Council officials have been accused of getting into bed with a premium-priced business backed by venture capitalists – in this case, an allotment bed.
And allotment holders are worried that plots costing no more than £90 a year will soar in price in line with the amounts charged elsewhere by the business, Roots Allotments.
The Brighton and Hove Allotments Federation (BHAF) is worried that people will be priced out growing their own food if the “privatisation” goes ahead.
Roots charges £9.99 a month – just under £120 a year – for a 12 square metre “mini-plot” in Bath, according to the company’s website.
A 36 square metre “starter plot” costs £19.99 a month (£240 a year) and a 72 square metre “couple’s plot” costs £34.99 a month (£420 a year).
Brighton and Hove City Council said that it was in discussion about leasing land to the company but said that no decisions had been taken.
The council’s “full-size” plots are 250 square metres, with half and quarter plots available as well as 25 square metre “micro plots”.
Allotment rents are 35p a square metre a year with the price due to go up to 36p a square metre from October.
After the increase, the standard charge for a full-size plot would be £90 while a half plot would cost £45 and a micro-plot just £9 a year.
Roots Allotments currently has two sites in Bath and is trying to open a third on the outskirts of Bristol in the face of opposition.
Mark Carroll, who chairs the Brighton and Hove Allotments Federation, said that the council was listening to allotment holders’ concerns.
Mr Carroll said: “These allotments should be council-run allotments. They are planned for council land.
“The proposal is to rent this land to a venture capital-backed private company to rent back to us at between 16 and 20 times the price of the equivalent land on a council-run allotment.
“Sadly, this follows a pattern of public services with huge waiting lists becoming run down and the private sector stepping in to offer an alternative to those who can afford it.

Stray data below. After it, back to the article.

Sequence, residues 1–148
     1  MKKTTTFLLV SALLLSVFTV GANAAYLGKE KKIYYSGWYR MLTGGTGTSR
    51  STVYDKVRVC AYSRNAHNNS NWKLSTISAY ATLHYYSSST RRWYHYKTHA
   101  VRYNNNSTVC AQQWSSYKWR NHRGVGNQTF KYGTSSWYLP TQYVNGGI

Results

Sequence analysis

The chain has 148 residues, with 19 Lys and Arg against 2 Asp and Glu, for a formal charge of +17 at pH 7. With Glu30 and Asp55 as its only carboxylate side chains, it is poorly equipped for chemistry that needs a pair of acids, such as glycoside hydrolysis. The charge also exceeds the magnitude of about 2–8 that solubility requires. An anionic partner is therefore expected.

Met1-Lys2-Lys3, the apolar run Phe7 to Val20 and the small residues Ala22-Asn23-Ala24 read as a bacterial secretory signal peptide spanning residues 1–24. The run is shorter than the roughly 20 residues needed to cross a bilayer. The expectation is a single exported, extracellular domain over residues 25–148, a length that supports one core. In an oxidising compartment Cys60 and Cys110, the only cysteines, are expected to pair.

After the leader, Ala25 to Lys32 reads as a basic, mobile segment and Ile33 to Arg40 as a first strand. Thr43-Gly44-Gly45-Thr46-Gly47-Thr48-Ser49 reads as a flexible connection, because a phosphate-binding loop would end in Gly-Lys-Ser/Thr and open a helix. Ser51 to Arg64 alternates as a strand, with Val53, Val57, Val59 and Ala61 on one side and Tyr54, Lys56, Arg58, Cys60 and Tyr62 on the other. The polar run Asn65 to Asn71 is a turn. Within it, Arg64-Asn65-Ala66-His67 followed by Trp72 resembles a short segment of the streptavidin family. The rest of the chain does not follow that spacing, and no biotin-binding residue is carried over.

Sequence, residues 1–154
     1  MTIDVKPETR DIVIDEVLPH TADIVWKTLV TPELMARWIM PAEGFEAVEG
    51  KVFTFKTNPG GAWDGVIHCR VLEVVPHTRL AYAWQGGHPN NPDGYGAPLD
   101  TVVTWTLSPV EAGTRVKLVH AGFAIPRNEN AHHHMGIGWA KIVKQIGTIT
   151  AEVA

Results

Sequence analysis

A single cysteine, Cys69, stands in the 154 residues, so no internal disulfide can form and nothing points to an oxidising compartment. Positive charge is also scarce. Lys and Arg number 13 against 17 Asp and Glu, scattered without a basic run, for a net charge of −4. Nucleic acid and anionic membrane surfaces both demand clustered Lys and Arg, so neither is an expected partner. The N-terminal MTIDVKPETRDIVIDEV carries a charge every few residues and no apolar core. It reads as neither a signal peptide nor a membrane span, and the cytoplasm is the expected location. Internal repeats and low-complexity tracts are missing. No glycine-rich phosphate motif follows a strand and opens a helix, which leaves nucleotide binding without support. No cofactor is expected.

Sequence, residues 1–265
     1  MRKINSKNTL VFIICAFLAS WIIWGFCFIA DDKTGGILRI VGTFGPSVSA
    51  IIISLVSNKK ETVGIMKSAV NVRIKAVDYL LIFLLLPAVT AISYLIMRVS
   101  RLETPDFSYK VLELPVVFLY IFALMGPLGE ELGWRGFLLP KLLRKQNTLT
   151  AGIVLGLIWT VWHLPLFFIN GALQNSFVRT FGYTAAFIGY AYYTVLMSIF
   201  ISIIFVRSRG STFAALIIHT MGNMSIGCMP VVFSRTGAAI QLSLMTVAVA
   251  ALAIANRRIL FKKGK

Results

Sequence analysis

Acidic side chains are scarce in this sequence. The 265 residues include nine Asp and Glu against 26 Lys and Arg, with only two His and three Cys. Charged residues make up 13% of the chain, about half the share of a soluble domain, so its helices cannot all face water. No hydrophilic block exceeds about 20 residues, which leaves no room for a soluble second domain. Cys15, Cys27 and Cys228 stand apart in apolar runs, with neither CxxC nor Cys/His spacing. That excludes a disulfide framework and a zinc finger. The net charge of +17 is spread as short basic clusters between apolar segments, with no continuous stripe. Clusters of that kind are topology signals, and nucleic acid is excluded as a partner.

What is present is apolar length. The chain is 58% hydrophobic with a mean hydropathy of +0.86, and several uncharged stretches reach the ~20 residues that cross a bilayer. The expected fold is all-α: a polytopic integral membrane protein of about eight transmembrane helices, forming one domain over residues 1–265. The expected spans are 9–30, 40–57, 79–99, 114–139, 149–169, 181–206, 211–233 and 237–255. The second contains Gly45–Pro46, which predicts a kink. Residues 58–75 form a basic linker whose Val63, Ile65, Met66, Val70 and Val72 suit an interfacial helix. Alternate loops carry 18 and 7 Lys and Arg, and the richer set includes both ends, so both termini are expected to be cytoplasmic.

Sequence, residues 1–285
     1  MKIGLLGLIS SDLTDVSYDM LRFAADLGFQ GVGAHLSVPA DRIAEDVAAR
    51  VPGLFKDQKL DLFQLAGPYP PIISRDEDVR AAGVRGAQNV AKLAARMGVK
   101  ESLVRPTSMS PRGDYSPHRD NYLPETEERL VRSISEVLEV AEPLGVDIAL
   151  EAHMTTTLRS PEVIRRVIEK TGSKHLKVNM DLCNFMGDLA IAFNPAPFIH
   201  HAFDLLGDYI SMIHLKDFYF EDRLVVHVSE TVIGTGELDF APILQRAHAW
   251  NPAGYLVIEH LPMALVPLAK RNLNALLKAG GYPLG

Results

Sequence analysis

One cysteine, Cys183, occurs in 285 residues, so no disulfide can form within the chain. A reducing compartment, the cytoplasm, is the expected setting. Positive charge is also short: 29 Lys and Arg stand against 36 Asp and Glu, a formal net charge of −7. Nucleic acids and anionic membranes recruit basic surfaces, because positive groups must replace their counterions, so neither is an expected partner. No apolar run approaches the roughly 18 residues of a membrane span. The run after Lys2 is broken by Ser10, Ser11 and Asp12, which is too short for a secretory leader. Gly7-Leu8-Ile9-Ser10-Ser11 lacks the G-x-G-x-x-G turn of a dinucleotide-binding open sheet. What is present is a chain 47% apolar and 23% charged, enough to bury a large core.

“There are currently over 3,000 people on the waiting list for an allotment in the city.
“We are very concerned that the people allotments were originally intended for and who benefit the most will be effectively excluded from these plots due to the incredibly high cost of a plot.”
Those wanting an allotment in Brighton and Hove face a wait of two to three years at best – and as long as eight years at some of the most popular smaller sites.
Roots founder William Gay, 28, a director of Allota Futureland Limited, said that the company was in talks with the council about a site in Hove and was considering seeking a second site on private agricultural land in Ovingdean.
He did not respond to a request for comment on Mr Carroll’s concerns.
The council said: “Roots approached the council to discuss the possibility of them leasing council land. The discussions are ongoing and no decisions have been taken.”
The police have been called in after Roots faced opposition to its new site at Abbots Leigh, in North Somerset, on the edge of Bristol.
Residents have blocked vehicles heading into the field and police were called to resolve stand-offs between villagers and the allotment group’s workers.
According to the Bristol Post, planning officers from North Somerset Council have advised Roots to do nothing more until a legal argument about whether planning permission is needed has been settled.